Employer Retaliation Against the Workers' Compensation Claimant
Workers' compensation is sometimes viewed as a compromise between employees and employers: workers give up the right to sue for large awards in court in exchange for certain and timely, albeit relatively lower, reimbursement for work-related injuries and illnesses. Employers accept responsibility for these injuries and illnesses even if they are not at fault, but they no longer have to worry about being tied up in court or about potential liability for large verdicts.
Unfortunately, even in this spirit of compromise, sometimes an employer may retaliate against an employee for filing or even talking about filing a workers' compensation claim. In most states, employees have legal rights and remedies in response to such adverse employer actions. If you encounter retaliation from your employer in a workers' compensation matter, an experienced workers' compensation attorney can advise you of your legal options.
Examples of retaliation
Most commonly, people think of employer retaliation in the form of retaliatory discharge — unjustly firing an employee for pursuing his or her workers' compensation rights. But improper employer retaliation can also come in other forms short of termination, such as discrimination or harassment in the following ways:
Legal remedies for retaliation
Although a relatively recent development, most states have some legal remedy for employees whose employers have retaliated against them for taking workers' compensation action. Many states have legislatively created legal protections for such employees. These remedies may be available through state agencies and/or in court actions. Even where legislative action has not protected such workers, many states' courts have allowed retaliatory discharge lawsuits for exercising workers' compensation rights. Some states allow both statutory and court-created or common-law remedies; other states may only provide for one or the other. The remedies available vary from state to state, so it is a good idea to consult a lawyer to learn about your particular options.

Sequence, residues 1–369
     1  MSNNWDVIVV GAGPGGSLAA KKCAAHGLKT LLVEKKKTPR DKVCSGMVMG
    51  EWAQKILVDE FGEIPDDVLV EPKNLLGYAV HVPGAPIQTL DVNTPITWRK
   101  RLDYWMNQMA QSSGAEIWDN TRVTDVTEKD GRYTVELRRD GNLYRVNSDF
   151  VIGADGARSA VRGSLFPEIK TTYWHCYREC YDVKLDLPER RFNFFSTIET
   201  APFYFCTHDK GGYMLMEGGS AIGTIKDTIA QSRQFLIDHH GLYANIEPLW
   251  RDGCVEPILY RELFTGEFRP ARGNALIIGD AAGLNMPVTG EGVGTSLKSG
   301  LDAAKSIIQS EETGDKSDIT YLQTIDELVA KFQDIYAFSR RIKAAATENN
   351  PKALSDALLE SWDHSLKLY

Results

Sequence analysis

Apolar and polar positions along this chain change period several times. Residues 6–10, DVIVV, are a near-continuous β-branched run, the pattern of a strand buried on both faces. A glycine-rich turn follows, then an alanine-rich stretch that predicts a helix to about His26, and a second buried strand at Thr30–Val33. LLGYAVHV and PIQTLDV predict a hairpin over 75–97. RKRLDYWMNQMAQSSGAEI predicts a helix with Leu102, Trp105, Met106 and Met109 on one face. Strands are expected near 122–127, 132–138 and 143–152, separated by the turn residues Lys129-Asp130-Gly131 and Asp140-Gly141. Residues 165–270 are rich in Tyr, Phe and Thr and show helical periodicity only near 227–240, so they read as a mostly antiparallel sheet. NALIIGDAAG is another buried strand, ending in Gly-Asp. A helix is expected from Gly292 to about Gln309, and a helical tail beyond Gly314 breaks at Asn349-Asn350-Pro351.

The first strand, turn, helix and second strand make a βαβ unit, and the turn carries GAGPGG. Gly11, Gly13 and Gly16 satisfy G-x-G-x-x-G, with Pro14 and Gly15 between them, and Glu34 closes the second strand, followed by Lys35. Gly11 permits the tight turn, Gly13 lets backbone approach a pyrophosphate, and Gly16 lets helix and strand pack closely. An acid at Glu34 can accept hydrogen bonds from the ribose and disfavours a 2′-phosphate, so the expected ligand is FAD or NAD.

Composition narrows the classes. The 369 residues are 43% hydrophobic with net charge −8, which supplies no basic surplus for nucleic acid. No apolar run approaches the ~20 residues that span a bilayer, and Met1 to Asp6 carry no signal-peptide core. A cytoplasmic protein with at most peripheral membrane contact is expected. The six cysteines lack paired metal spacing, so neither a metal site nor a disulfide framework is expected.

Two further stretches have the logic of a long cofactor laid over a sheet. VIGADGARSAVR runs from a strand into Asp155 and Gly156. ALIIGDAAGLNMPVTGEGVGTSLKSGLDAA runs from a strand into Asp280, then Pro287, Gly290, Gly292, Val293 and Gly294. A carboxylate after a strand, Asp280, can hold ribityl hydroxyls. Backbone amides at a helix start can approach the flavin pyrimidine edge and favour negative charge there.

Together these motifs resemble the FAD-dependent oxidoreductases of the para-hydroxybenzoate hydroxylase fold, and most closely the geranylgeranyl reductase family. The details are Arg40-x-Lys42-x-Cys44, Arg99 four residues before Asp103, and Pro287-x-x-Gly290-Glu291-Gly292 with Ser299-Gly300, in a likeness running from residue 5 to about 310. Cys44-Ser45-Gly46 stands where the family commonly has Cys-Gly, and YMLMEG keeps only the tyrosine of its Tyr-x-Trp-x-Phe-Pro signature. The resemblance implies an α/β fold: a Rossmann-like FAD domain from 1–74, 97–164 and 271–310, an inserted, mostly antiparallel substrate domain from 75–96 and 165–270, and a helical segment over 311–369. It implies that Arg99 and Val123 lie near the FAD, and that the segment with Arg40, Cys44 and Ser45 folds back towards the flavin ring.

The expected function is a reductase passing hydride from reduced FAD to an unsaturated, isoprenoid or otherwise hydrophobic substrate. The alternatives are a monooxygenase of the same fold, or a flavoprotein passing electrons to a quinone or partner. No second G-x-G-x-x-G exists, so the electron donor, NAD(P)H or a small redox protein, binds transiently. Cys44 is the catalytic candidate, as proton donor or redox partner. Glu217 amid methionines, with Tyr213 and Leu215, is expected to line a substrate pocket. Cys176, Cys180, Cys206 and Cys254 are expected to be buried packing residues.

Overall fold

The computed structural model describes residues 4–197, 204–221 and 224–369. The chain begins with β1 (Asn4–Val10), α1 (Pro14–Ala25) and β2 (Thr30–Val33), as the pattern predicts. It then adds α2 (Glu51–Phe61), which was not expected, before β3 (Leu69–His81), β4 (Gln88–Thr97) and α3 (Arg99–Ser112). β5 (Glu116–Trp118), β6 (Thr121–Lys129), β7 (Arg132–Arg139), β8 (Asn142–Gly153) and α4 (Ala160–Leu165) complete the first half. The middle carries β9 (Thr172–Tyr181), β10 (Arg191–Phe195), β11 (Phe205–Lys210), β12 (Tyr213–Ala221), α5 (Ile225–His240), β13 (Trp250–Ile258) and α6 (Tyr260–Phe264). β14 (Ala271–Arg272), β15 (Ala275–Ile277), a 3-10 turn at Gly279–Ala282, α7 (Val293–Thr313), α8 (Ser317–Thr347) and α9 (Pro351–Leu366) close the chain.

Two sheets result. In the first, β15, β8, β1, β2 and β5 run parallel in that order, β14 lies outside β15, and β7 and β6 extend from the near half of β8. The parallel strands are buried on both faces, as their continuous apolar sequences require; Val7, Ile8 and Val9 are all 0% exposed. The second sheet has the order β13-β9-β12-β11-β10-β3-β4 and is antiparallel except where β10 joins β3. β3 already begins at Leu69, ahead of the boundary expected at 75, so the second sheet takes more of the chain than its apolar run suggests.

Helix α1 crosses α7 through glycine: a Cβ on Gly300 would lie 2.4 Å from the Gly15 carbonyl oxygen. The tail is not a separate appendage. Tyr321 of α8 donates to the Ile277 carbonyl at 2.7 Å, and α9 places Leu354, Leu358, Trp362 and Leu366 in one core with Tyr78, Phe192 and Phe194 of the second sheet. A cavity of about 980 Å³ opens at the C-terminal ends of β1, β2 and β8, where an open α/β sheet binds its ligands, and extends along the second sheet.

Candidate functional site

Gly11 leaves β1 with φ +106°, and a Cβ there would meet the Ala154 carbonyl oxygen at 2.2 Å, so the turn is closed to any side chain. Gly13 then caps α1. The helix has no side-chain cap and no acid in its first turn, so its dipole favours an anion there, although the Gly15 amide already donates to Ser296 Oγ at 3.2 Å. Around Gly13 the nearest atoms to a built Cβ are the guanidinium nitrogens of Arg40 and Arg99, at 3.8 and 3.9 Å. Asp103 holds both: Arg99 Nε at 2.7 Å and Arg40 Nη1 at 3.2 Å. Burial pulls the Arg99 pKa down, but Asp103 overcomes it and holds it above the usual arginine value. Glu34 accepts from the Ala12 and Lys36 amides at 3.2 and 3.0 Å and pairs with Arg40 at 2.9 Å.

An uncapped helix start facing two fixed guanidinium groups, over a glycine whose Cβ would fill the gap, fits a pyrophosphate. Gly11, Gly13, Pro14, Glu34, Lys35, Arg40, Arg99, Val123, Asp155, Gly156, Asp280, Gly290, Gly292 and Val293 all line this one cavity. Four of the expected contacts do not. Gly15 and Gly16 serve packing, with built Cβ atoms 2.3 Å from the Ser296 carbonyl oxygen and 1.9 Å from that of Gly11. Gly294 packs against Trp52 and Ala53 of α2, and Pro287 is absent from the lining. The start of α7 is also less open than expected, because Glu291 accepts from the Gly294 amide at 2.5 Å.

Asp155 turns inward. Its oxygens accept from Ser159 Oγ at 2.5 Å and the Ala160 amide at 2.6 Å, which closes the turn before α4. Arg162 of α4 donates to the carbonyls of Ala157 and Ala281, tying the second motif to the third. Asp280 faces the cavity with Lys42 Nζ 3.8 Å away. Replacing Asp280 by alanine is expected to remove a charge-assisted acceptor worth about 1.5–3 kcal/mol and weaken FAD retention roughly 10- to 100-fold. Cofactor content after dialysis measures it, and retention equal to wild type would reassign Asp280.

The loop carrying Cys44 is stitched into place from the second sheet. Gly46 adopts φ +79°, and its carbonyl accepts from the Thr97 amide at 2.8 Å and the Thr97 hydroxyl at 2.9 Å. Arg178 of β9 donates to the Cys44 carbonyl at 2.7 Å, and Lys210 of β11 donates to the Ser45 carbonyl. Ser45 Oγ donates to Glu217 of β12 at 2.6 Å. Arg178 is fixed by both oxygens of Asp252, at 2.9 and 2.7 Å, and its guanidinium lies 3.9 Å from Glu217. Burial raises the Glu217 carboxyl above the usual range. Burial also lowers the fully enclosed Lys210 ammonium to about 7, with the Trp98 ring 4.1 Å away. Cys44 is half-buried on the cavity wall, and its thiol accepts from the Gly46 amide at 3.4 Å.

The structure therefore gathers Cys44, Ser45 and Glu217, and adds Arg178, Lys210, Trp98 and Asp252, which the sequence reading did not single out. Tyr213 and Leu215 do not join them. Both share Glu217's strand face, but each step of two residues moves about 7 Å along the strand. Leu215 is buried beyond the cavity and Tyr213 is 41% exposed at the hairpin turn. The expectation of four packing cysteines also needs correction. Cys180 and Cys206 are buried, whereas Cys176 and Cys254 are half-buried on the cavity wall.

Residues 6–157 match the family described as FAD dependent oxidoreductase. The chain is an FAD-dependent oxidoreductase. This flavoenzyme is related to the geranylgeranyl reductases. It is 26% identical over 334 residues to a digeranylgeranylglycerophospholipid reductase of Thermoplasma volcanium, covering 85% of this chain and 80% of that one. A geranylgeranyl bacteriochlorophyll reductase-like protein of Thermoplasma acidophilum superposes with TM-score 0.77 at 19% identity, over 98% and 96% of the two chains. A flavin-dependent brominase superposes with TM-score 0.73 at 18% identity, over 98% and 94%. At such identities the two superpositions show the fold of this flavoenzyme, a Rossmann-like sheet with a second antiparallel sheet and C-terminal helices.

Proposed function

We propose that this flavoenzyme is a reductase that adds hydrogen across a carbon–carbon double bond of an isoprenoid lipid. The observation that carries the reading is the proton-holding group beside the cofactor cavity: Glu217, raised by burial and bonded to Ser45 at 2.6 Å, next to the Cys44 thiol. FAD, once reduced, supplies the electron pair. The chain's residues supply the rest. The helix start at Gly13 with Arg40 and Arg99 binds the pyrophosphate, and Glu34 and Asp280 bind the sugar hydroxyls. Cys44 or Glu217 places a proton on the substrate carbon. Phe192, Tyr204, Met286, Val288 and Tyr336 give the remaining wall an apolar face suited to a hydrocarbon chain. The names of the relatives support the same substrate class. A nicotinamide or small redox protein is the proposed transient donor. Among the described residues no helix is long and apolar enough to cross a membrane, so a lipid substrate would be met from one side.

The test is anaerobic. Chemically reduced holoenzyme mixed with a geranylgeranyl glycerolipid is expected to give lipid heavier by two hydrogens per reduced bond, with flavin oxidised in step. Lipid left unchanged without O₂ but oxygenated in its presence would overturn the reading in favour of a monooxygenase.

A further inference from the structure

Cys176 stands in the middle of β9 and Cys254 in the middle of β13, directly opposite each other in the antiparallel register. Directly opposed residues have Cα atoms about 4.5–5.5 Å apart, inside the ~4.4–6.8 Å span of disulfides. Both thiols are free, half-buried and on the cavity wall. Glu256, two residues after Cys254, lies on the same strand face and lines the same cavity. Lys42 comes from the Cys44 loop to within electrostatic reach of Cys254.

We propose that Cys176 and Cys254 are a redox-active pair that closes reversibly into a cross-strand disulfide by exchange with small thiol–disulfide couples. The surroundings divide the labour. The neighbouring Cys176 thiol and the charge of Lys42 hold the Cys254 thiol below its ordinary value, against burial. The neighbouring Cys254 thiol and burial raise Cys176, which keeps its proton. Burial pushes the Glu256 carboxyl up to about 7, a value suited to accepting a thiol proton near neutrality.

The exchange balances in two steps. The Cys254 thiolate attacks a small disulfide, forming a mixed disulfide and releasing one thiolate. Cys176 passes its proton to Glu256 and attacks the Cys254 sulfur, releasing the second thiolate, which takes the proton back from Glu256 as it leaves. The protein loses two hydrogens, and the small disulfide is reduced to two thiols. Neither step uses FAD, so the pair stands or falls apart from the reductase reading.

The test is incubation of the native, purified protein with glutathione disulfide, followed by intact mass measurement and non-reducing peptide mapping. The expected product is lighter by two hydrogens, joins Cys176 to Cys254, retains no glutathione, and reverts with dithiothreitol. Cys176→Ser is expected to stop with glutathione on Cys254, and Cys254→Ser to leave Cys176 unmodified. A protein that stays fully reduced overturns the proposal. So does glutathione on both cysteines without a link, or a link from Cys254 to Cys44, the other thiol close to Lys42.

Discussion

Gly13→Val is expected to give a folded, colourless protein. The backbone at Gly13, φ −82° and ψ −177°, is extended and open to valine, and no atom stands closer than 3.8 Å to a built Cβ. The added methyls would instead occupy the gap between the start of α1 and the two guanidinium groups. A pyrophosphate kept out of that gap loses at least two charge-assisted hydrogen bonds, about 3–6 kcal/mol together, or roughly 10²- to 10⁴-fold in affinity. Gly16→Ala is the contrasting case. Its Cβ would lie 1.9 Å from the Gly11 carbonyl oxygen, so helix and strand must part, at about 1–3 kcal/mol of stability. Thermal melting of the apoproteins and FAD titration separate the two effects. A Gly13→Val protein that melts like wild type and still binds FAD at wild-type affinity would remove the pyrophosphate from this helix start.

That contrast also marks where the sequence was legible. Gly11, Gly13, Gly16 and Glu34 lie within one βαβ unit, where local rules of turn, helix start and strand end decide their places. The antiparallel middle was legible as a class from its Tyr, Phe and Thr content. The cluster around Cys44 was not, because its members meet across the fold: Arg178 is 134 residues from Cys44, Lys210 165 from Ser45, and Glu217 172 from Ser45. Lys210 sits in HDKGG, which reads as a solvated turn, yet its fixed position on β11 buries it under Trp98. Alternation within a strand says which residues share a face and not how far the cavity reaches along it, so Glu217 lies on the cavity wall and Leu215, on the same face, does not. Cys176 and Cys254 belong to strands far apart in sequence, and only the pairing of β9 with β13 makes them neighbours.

Even if your state has not recognized these remedies for employer retaliation in the workers' compensation setting, there may be other ways to find legal help.
Justifiable employer action
Employers may still legitimately terminate or discipline any employee, regardless of workers' compensation status, as long as the negative action is not a pretext for workers' compensation retaliation and the action does not violate any other employment laws.
Speak to a workers' compensation lawyer
Stand up for yourself if you have been the victim of employer retaliation in response to the exercise of your workers' compensation rights. An attorney can advise you of the law in your state surrounding workers' compensation retaliation.
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